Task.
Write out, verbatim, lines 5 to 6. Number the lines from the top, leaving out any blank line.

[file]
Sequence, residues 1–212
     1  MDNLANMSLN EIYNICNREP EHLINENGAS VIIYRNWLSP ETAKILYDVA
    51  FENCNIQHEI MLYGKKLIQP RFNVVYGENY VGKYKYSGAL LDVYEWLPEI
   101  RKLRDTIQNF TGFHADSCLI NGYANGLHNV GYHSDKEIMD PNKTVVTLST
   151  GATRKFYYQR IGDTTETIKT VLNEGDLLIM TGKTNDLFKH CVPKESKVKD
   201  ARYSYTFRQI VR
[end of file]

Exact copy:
   151  GATRKFYYQR IGDTTETIKT VLNEGDLLIM TGKTNDLFKH CVPKESKVKD
   201  ARYSYTFRQI VR